Pictured: Akash, Gaucher disease, with his family in India

Sanofi’s Rare Humanitarian Program is the first initiative of its kind for people with lysosomal storage disorders (LSDs) – a group of rare genetic conditions caused by enzyme deficiencies. We launched the program when our first treatment for Gaucher disease was approved by the U.S. FDA in 1991.

The program provides access to free treatments for patients who meet the program’s criteria and otherwise would not have access to such treatments. We have since expanded support to five additional LSD communities, which includes Fabry disease, Pompe disease, acid sphingomyelinase deficiency (ASMD), and mucopolysaccharidoses (MPS) types I and II.

You can read about the impact of our rare disease humanitarian program, and the lessons learned from three decades of collaboration with local authorities and non-governmental organizations, in the Orphanet Journal of Rare Diseases.1

3,500+

People in 100+ countries have received access to free therapy since the program began

1,000+

People in 70+ countries are currently receiving access to free therapy

375+

People have received access to free therapy for over 10 years

150+

New people receive access to free therapy each year

* Internal Sanofi data

Stories of hope

Since 1991, we’ve helped improve the health and lives of thousands of people with rare diseases around the world. Each of them has a unique story to share.*

* Each patient story reflects the real-life experiences of individuals diagnosed with a specific disease. Individual patients may experience these conditions differently. 

For healthcare providers

To submit a request for a person living with one of the above listed lysosomal storage disorders, please access the Rare Humanitarian Patient Online Referral Tool (PORT).

Hemophilia Humanitarian Aid

More than 75% of people with hemophilia have limited or no access to diagnosis and treatment. Many people with severe hemophilia in the developing world often do not survive to adulthood, or face a life of disability, isolation, and chronic pain. Sanofi believes all patients should have access to care regardless of where they live.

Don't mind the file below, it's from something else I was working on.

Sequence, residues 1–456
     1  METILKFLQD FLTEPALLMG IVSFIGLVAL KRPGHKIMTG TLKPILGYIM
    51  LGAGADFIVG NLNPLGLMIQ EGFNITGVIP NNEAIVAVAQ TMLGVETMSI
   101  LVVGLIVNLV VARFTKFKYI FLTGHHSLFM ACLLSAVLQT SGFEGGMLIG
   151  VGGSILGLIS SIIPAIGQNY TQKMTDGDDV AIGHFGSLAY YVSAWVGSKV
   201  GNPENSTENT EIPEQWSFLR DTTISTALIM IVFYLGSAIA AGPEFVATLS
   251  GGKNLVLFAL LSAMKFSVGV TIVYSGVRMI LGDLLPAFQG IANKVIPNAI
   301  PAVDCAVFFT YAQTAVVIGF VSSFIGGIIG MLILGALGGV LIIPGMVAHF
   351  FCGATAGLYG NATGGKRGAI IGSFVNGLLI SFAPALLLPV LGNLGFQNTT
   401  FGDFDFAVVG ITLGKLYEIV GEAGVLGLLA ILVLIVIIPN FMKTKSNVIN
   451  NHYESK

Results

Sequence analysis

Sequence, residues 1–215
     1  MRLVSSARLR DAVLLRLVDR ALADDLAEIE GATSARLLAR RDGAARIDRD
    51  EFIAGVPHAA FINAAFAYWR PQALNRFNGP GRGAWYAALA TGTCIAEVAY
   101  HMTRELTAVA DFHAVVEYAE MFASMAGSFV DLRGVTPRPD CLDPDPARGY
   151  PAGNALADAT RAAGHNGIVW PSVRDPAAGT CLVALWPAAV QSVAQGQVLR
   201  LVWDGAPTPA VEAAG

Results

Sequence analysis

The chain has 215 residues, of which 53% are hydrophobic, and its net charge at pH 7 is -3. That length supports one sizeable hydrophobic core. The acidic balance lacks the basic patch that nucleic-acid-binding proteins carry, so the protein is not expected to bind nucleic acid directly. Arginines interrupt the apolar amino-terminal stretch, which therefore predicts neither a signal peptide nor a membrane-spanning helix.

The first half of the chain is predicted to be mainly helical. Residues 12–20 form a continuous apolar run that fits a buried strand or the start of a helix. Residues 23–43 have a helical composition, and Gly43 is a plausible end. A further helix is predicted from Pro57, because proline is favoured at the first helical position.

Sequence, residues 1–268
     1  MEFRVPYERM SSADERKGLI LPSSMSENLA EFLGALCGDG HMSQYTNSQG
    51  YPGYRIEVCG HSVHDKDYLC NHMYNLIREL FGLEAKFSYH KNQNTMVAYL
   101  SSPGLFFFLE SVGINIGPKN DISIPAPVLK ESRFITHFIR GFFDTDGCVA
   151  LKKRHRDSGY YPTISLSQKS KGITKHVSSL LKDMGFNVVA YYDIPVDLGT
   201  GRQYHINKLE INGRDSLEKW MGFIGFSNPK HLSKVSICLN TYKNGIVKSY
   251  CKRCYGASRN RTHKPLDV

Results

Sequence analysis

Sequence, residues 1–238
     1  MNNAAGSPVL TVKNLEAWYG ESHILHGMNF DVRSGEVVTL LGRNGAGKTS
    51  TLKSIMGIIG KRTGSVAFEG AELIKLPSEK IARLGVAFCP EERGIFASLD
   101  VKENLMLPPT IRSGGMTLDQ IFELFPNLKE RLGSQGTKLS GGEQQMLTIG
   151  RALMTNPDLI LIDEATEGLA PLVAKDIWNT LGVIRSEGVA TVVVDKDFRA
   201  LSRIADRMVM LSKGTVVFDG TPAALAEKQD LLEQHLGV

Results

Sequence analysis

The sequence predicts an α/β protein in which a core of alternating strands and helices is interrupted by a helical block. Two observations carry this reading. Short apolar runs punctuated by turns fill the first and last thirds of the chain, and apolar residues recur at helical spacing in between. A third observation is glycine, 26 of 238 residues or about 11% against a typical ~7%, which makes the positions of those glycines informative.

Sanofi, together with Sobi, is continuing to deliver on their 2014 pledge to donate up to 1 billion IUs of factor therapy over a ten-year period to the World Federation of Hemophilia (WFH) Humanitarian Aid Program. This is the single largest donation of hemophilia factor therapy in history.

Since donations began in 2015, the commitment has had a far-reaching impact. Over 588 million IUs of donated factor therapy have been used to treat over 18,800 people in 41 countries. This has resulted in*:

588m

IUs of clotting factor donated through 2021** 

18,800+

People treated

41

Countries

994

Children under age 10 receiving prophylaxis treatment

229k+

Acute bleeds treated

3,300+

Surgeries performed

* All data as of 2015-2021 provided by World Federation of Hemophilia
** International Units

Blood Brothers: Behind the Lens

As a Founding Visionary Contributor to the WFH Humanitarian Aid Program, Sanofi is committed to helping to provide a predictable and sustainable supply of treatment to people with hemophilia living in emerging countries.

Partnerships for Humanitarian Aid

The local expertise and relationships of our partners is essential to making humanitarian aid work for patients. We’re grateful to those who help us identify and reach patients around the world.

Some of the partners we work with on humanitarian efforts include:

World Federation of Hemophilia Humanitarian Aid Program

Project HOPE

American Near East Refugee Aid

Direct Relief

Global Health Partners

China Charity Federation

Related stories

Reference

  1. Verma, I.C., et al. Transformative effect of a Humanitarian Program for individuals affected by rare diseases: building support systems and creating local expertise. Orphanet J Rare Dis 17, 87 (2022). https://doi.org/10.1186/s13023-022-02192-1.

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